These often require parents to “prescribe” certain techniques, beliefs, or ideas around sleep and they may not be the right process for you and your family. It’s okay not to sleep train. While some of the techniques may work for some babies, for others they may not work at all. If sleep training causes your infant to cry for long periods of time or makes you feel anxious, upset, or sad, it is probably not a good fit for your family. Sleeping and nighttime parenting aren’t meant to be a battlefield. 

If you choose to bedshare with your infant, follow these seven guidelines:

  • No smoking in the home. Secondhand smoke affects infants’ breathing and increases the risks of SIDS. 
  • Breastfeeding parents must be sober.
    • If a partner is present, they must be sober as well.
    • This also applies to over-the-counter and prescription medications that may cause drowsiness. If you need to be medicated, then make an alternate sleeping plan for that night. 
  • The baby is breastfed. 
  • The baby is healthy and full-term. Premature infants and those who are sick may not be able to rouse themselves and are considered higher-risk babies for bed sharing. 
  • Baby is on their back. This is the safest position for babies, whether co-sleeping or not. 
  • Baby is lightly dressed and un-swaddled. This avoids overheating and ensures that your baby is free to adjust to their body. 
  • Parent and baby are on a safe sleeping surface (firm mattress) with:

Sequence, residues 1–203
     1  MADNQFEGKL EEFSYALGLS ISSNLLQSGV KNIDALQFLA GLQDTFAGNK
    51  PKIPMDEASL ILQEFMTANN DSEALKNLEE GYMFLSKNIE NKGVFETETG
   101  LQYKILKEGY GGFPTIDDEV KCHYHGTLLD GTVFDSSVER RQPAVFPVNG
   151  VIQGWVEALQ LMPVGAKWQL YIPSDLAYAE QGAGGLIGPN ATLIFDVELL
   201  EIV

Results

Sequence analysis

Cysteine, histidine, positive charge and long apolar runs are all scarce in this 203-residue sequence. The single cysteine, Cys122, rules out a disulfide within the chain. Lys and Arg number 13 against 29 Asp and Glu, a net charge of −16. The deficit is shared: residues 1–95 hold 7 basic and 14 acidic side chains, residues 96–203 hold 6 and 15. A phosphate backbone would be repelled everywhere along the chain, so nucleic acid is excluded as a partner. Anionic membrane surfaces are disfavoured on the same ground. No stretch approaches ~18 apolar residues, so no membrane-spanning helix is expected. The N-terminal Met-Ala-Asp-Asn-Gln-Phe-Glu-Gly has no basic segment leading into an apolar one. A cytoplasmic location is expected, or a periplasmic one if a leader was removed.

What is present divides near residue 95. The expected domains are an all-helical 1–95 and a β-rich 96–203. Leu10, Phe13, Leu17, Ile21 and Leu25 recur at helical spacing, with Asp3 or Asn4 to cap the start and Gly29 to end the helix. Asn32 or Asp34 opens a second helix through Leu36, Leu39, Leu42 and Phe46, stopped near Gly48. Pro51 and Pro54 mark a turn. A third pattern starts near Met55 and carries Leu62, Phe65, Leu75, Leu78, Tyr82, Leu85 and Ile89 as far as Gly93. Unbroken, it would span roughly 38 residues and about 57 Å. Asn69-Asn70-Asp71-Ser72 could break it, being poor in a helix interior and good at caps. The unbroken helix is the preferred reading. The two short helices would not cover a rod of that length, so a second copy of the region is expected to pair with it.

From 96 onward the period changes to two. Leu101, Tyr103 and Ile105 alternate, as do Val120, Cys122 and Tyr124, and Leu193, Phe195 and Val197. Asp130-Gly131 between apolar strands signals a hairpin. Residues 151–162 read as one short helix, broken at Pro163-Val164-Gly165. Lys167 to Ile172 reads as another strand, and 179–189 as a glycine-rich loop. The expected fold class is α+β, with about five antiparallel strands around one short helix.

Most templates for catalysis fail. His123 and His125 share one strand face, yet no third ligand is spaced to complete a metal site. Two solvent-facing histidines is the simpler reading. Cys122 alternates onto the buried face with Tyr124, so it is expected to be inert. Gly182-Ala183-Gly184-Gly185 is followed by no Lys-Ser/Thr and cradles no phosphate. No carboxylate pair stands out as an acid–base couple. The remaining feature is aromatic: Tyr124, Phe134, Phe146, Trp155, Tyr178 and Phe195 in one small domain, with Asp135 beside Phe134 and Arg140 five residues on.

• No pillows or comforters near the baby.
  • No cords or wires close by.  
  • No other adults, older siblings, or pets. Newborns should only be in bed with a breastfeeding parent and/or partner.

If you choose to put your baby to sleep in a crib:

  • Still practice good sleep hygiene before bed. Simple, calm routines can go a long way before bedtime. 
  • You can still breastfeed/feed your baby to sleep. Falling asleep at the breast is not a “bad habit.”
  • Always place baby to sleep on their back and if using a swaddle, make sure it does not cover baby’s face or nose.
  • Responding to a baby’s needs at night does not create a lifetime of bad habits but helps build connection and trust with your child. 
  • If using a swaddle, limit daytime swaddling to help the baby differentiate between daytime and nighttime. 

Working with a professional who can help you sustain your breastfeeding journey and work toward good sleep hygiene and habits is helpful. Lactation Room provides consults on safe sleep practices and breastfeeding to help you establish a personal routine for yourself and your family.

Sarah Early - MSN, APRN-FNP-C, IBCLC

Sarah Early, MSN, APRN, FNP-C, IBCLC, is a clinically trained Integrative and Functional Health Family Nurse Practitioner who specializes in women's health and is the owner of Peony Women's Integrative Health and Lactation Room. She graduated with a Master's in Nursing and Family Nurse Practitioner with high distinction and is a member of the Sigma Theta Tau International Honor Society of Nursing. Sarah has been a practicing International Board Certified Lactation Consultant (IBCLC) since 2011 and opened Lactation Room in 2014. Lactation Room specializes in supporting parent/baby dyads who are struggling with infant oral dysfunction, feeding difficulties, and tongue-and-lip ties. They earned the prestigious IBCLE Care Award from the International Board of Lactation Consultant Examiners® (IBLCE®) and International Lactation Consultant Association® (ILCA®) have recognized Lactation Room for excellence in lactation care. She is a member of ILCA, USLCA, MBC, AANP, IATP, and MBC.